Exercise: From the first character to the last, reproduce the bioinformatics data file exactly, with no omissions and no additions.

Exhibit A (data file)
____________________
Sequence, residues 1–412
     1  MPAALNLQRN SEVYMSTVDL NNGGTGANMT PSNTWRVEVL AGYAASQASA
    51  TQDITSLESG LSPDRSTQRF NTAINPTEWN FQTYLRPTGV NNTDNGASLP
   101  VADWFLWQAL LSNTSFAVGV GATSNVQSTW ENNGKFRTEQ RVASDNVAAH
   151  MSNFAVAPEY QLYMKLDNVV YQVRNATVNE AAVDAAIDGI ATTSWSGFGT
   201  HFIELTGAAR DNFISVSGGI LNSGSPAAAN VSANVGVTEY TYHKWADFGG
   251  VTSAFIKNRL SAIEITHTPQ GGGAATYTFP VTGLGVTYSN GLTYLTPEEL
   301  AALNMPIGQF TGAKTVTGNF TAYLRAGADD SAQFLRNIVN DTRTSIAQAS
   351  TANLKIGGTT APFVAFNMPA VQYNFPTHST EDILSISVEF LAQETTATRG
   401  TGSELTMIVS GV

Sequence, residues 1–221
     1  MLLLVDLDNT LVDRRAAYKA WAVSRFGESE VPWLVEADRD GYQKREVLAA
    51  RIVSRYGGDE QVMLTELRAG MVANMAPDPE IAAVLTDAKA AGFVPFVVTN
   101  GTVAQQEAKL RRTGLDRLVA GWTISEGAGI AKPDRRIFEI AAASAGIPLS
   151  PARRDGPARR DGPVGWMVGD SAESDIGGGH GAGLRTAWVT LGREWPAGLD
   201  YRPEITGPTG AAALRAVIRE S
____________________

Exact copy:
Sequence, residues 1–412
     1  MPAALNLQRN SEVYMSTVDL NNGGTGANMT PSNTWRVEVL AGYAASQASA
    51  TQDITSLESG LSPDRSTQRF NTAINPTEWN FQTYLRPTGV NNTDNGASLP
   101  VADWFLWQAL LSNTSFAVGV GATSNVQSTW ENNGKFRTEQ RVASDNVAAH
   151  MSNFAVAPEY QLYMKLDNVV YQVRNATVNE AAVDAAIDGI ATTSWSGFGT
   201  HFIELTGAAR DNFISVSGGI LNSGSPAAAN VSANVGVTEY TYHKWADFGG
   251  VTSAFIKNRL SAIEITHTPQ GGGAATYTFP VTGLGVTYSN GLTYLTPEEL
   301  AALNMPIGQF TGAKTVTGNF TAYLRAGADD SAQFLRNIVN DTRTSIAQAS
   351  TANLKIGGTT APFVAFNMPA VQYNFPTHST EDILSISVEF LAQETTATRG
   401  TGSELTMIVS GV

Sequence, residues 1–221
     1  MLLLVDLDNT LVDRRAAYKA WAVSRFGESE VPWLVEADRD GYQKREVLAA
    51  RIVSRYGGDE QVMLTELRAG MVANMAPDPE IAAVLTDAKA AGFVPFVVTN
   101  GTVAQQEAKL RRTGLDRLVA GWTISEGAGI AKPDRRIFEI AAASAGIPLS
   151  PARRDGPARR DGPVGWMVGD SAESDIGGGH GAGLRTAWVT LGREWPAGLD
   201  YRPEITGPTG AAALRAVIRE S